Rosetta is an ESA mission with contributions from its member states and NASA. Rosetta's Philae lander is provided by a consortium led by DLR, MPS, CNES and ASI. Airbus Defense and Space built the Rosetta spacecraft. NASA's Jet Propulsion Laboratory (JPL) manages the U.S. contribution of the Rosetta mission for NASA's Science Mission Directorate in Washington, under a contract with the California Institute of Technology (Caltech). JPL also built the Microwave Instrument for the Rosetta Orbiter and hosts its principal investigator, Dr. Samuel Gulkis. SwRI (San Antonio and Boulder, Colo.) developed the Rosetta orbiter's Ion and Electron Sensor and Alice instrument and hosts their principal investigators, Dr. James Burch (IES) and Dr. Alan Stern (Alice).


Story Source:

The above story is based on materials provided by Southwest Research Institute. Note: Materials may be edited for content and length.


Cite This Page:

Southwest Research Institute. "Rosetta-Alice spectrograph obtains first far ultraviolet spectra of a cometary surface." ScienceDaily. ScienceDaily, 4 September 2014. <www.sciencedaily.com/releases/2014/09/140904153803.htm>.
Southwest Research Institute. (2014, September 4). Rosetta-Alice spectrograph obtains first far ultraviolet spectra of a cometary surface. ScienceDaily. Retrieved March 29, 2015 from www.sciencedaily.com/releases/2014/09/140904153803.htm
Southwest Research Institute. "Rosetta-Alice spectrograph obtains first far ultraviolet spectra of a cometary surface." ScienceDaily. www.sciencedaily.com/releases/2014/09/140904153803.htm (accessed March 29, 2015).

Share This


More From ScienceDaily



More Space & Time News

Sunday, March 29, 2015

Featured Research

from universities, journals, and other organizations


Featured Videos

from AP, Reuters, AFP, and other news services

What NASA Wants To Learn From Its 'Year In Space' Tests

What NASA Wants To Learn From Its 'Year In Space' Tests

Newsy (Mar. 28, 2015) Astronaut Scott Kelly and cosmonaut Mikhail Kornienko will spend a year in space running tests on human physiology and psychology. Video provided by Newsy
Powered by NewsLook.com
Crew Starts One-Year Space Mission

Crew Starts One-Year Space Mission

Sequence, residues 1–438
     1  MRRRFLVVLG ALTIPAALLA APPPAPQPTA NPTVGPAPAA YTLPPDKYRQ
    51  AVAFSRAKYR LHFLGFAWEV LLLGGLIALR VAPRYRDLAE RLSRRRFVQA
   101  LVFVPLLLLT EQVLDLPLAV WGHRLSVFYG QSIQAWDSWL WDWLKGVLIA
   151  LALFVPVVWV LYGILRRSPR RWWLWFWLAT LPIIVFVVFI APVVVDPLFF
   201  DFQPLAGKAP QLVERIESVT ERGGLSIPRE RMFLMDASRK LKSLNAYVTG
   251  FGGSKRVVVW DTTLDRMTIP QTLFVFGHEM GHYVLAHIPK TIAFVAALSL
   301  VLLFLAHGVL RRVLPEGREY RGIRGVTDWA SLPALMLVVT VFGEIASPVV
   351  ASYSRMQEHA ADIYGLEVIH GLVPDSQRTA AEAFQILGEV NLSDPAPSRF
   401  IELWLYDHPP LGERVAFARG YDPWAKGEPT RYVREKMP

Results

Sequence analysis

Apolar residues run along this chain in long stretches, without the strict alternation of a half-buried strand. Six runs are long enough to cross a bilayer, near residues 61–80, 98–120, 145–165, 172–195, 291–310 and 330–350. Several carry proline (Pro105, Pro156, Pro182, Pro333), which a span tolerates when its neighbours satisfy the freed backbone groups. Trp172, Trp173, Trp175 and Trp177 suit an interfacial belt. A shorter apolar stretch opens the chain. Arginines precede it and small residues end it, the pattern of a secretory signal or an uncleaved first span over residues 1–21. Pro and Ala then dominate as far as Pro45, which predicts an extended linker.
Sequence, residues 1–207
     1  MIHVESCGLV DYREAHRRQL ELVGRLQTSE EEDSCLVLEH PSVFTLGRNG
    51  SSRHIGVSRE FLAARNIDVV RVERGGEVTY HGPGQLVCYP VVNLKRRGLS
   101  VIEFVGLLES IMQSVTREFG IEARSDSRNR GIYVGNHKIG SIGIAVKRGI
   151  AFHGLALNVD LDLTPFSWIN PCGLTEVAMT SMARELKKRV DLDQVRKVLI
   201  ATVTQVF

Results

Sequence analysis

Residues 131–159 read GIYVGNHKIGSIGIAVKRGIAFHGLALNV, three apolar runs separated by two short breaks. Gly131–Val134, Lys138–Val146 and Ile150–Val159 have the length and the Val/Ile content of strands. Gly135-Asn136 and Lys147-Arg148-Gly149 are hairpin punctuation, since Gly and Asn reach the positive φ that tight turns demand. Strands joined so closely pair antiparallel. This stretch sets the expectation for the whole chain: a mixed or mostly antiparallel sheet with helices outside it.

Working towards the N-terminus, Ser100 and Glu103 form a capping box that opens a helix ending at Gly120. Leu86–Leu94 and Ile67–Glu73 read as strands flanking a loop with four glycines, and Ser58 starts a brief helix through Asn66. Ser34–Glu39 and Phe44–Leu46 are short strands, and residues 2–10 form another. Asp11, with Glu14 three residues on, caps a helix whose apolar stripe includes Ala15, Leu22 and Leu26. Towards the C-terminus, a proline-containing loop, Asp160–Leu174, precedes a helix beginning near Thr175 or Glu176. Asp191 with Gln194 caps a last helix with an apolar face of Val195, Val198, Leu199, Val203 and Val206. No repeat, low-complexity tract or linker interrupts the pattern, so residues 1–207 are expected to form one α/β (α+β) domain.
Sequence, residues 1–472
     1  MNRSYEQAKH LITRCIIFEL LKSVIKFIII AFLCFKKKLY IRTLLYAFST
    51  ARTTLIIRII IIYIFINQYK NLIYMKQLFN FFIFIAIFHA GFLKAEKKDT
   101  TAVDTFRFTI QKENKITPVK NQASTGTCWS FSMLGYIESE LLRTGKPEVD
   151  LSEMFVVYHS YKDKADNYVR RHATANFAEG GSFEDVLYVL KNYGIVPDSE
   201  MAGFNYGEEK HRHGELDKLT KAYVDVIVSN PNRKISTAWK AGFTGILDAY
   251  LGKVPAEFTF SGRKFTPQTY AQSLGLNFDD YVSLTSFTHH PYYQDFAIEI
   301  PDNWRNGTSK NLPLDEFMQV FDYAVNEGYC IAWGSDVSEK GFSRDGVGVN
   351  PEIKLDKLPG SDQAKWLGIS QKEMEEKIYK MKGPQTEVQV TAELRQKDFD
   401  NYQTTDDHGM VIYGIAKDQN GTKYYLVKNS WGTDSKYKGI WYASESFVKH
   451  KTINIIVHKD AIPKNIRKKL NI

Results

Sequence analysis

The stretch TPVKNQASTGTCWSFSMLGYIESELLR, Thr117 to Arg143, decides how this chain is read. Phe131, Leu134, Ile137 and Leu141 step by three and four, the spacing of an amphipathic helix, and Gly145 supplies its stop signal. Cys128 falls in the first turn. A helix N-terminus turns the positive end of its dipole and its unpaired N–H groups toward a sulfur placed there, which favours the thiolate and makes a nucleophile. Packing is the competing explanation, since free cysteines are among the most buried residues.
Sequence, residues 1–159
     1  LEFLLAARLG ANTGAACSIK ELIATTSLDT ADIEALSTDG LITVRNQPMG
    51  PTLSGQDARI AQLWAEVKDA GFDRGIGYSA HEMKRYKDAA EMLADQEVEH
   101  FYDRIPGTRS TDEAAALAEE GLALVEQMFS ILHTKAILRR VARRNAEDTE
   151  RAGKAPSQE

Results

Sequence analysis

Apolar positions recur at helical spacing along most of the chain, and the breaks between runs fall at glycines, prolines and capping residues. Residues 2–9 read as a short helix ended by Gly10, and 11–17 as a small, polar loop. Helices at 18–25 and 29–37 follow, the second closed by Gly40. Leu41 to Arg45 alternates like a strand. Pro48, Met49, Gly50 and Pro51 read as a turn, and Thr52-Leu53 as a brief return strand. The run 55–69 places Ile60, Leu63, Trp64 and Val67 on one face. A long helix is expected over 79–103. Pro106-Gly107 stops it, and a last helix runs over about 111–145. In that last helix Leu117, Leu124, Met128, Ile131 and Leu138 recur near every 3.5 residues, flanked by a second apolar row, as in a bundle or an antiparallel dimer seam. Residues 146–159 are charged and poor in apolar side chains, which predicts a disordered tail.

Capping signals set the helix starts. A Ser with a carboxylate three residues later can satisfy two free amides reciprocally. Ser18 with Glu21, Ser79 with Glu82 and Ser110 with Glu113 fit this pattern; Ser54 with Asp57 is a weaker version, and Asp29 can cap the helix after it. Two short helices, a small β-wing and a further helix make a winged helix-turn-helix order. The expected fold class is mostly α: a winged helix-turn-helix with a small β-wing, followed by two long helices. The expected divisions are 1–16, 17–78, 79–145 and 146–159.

Reuters - News Video Online (Mar. 28, 2015) Russian-U.S. crew arrives safely at the International Space Station for the start of a ground-breaking year-long stay. Paul Chapman reports. Video provided by Reuters
Powered by NewsLook.com
Why So Many People Think NASA's Asteroid Mission Is A Waste

Why So Many People Think NASA's Asteroid Mission Is A Waste

Newsy (Mar. 27, 2015) The Asteroid Retrieval Mission announced this week bears little resemblance to its grand beginnings. Even NASA scientists are asking, "Why bother?" Video provided by Newsy
Powered by NewsLook.com
Space Station Crew Docks Safely

Space Station Crew Docks Safely

Reuters - News Video Online (Mar. 27, 2015) NASA TV footage shows the successful docking of a Russian Soyuz craft to the International Space Station for a year-long mission. Rough cut (no reporter narration). Video provided by Reuters
Powered by NewsLook.com

Search ScienceDaily

Number of stories in archives: 140,361

Find with keyword(s):
Enter a keyword or phrase to search ScienceDaily for related topics and research stories.

Save/Print:
Share:

Breaking News:

Strange & Offbeat Stories


Space & Time

Matter & Energy

Computers & Math

In Other News

... from NewsDaily.com

Science News

Health News

Environment News

Technology News



Save/Print:
Share:

Free Subscriptions


Get the latest science news with ScienceDaily's free email newsletters, updated daily and weekly. Or view hourly updated newsfeeds in your RSS reader:

Get Social & Mobile


Keep up to date with the latest news from ScienceDaily via social networks and mobile apps:

Have Feedback?


Tell us what you think of ScienceDaily -- we welcome both positive and negative comments. Have any problems using the site? Questions?
Mobile: iPhone Android Web
Follow: Facebook Twitter Google+
Subscribe: RSS Feeds Email Newsletters
Latest Headlines Health & Medicine Mind & Brain Space & Time Matter & Energy Computers & Math Plants & Animals Earth & Climate Fossils & Ruins